Her colleagues have similarly impressive ­résumés. First violinist Steinberg has participated in chamber music festivals in Holland, Germany, Austria, and France. His solo ­appearances with several orchestras, London’s Philharmonia and the Los Angeles Philharmonic among them, have been warmly ­received. A contemporary music advocate, Steinberg has worked closely with many composers and has performed with such 20th-­century music ensembles as the Guild of Composers, the Da Capo Chamber Players, Speculum Musicae, and Continuum, with which he has recorded and toured extensively in the US and Europe.

Misha Amory won the 1991 Naumburg Viola Award and has been active as a soloist and chamber musician since then. His many prestigious performances include the ­Marlboro ­Festival, the Seattle Chamber Music Festival, the Vancouver Festival, and the Chamber Music Society of Lincoln Center. He has recorded the Hindemith viola sonatas for the Musical ­Heritage Society label and is on the faculties of Julliard and the Curtis Institute in Philadelphia.

Second violinist Serena Canin was born into a family of professional musicians in New York. She has toured the United States with Music From Marlboro, the Brandenburg ­Ensemble, and Goliard Concerts. Canin has taught chamber music to young musicians at the Chamber Music Society of Lincoln Center and also teaches at Princeton and New York Universities. She lives in Manhattan with her husband, pianist Thomas Sauer.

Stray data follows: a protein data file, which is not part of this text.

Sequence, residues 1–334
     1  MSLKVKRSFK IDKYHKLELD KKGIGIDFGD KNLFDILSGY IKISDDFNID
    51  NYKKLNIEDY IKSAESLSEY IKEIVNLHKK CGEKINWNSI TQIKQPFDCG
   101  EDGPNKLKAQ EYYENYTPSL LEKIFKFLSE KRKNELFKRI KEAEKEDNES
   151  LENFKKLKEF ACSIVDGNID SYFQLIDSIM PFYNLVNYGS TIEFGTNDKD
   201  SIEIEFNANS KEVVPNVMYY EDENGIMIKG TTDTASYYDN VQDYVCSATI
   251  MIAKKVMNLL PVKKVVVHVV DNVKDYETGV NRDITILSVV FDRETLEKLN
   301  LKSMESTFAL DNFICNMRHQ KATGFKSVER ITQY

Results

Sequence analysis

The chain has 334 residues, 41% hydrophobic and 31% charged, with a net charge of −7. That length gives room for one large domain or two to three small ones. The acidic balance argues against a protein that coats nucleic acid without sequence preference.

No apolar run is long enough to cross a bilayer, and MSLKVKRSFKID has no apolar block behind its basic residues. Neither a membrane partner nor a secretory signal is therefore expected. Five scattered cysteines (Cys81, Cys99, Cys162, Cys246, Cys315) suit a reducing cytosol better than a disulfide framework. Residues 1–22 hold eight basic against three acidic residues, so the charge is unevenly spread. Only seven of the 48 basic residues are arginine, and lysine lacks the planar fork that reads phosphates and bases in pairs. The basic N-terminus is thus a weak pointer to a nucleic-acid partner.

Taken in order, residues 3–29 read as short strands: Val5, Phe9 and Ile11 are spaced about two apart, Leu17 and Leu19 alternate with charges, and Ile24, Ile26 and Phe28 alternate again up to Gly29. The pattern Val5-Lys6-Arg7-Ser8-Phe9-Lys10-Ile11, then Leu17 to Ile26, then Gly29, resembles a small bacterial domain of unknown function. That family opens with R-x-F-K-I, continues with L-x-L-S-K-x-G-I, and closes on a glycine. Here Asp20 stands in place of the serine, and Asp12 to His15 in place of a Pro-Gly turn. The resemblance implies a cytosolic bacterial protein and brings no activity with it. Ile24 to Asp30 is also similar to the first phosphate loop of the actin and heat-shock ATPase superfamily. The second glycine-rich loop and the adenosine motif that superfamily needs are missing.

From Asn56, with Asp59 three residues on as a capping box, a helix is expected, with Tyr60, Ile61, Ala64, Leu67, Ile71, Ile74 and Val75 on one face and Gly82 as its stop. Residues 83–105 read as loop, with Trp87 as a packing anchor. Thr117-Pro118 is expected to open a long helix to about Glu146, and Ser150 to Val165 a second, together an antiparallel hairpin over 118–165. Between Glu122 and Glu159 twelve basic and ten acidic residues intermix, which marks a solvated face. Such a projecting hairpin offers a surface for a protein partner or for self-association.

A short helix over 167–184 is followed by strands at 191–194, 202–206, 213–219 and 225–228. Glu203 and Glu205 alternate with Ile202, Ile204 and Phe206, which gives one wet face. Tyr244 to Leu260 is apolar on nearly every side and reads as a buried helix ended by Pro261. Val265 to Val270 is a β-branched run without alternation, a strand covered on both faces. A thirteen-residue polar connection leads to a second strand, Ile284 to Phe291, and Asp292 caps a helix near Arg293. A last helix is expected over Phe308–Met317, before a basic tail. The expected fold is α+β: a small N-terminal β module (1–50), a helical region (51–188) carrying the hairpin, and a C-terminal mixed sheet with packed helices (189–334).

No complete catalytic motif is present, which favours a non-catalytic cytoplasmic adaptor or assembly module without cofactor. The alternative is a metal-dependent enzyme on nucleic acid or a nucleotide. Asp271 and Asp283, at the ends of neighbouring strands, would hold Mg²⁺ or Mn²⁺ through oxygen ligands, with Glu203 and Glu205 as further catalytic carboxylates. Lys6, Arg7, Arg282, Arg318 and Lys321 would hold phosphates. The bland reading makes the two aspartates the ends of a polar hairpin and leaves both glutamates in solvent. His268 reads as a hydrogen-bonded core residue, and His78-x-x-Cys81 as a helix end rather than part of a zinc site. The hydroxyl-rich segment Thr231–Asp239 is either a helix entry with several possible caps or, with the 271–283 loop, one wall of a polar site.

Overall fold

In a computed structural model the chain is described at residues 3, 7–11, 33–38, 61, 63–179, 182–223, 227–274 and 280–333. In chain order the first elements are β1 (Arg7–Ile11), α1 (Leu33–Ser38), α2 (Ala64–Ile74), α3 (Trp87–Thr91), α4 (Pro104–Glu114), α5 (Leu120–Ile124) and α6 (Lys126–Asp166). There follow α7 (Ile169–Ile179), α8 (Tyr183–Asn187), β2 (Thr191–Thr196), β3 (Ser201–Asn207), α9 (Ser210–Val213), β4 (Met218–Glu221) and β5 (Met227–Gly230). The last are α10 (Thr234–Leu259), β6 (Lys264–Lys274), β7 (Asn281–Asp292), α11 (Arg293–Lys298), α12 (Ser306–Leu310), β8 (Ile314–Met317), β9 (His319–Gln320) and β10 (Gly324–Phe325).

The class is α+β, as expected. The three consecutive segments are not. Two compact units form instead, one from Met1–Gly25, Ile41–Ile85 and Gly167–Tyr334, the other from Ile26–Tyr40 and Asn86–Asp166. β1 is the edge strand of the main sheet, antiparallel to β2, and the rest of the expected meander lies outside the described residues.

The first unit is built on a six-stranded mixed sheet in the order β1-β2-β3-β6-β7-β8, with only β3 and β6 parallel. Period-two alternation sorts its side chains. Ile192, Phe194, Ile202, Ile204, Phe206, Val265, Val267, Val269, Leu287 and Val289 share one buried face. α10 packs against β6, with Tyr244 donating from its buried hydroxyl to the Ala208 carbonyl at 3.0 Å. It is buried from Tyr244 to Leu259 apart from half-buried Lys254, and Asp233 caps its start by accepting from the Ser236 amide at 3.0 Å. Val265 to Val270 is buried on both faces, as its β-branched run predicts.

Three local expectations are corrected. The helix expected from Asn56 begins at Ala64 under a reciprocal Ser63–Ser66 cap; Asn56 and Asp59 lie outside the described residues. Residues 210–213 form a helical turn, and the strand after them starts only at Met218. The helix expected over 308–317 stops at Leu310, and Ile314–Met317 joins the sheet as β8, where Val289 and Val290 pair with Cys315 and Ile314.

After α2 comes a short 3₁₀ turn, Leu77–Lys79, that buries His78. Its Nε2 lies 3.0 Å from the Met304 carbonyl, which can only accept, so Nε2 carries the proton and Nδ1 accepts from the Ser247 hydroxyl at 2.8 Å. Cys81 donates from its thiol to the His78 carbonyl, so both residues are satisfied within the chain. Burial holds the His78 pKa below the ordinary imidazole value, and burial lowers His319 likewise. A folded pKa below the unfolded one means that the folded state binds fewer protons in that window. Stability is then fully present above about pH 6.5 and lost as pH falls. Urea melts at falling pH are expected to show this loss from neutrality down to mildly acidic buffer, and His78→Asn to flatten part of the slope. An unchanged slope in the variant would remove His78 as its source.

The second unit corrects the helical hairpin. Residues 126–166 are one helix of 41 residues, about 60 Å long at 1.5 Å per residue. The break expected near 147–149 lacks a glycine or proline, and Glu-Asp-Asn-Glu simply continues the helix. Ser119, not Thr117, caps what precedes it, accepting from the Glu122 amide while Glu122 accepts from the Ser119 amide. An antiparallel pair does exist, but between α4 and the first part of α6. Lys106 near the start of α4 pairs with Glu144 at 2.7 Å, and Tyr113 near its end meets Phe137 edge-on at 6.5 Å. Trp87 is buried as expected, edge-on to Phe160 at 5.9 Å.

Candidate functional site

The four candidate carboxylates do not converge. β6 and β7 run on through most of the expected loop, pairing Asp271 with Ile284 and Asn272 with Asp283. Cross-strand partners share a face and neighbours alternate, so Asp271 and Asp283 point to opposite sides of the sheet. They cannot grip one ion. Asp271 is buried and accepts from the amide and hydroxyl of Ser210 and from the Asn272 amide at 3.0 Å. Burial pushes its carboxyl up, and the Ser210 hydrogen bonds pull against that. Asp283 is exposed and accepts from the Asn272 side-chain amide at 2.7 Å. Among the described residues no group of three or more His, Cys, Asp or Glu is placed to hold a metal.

Although the Brentanos play the major ­classics of the standard repertoire, they give considerable attention to the very old and the very new — for example, transcriptions of Monteverdi madrigals or new pieces by living composers, people like Steve Mackey and Charles Wuorinen.

Regardless of what they choose to play, the Brentano Quartet is highly regarded for what the New York Times calls “a luxuriously warm sound, yearning lyricism and a palpable ­frisson of excitement.” And the Cleveland Plain Dealer opines: “Perfection may be an impossible goal in art, as in life, but the Brentanos come close … The performance was supple and sweeping … a collaboration of intense ­cohesion, which ­allowed the music to soar and sing as if it were being performed for the first time.”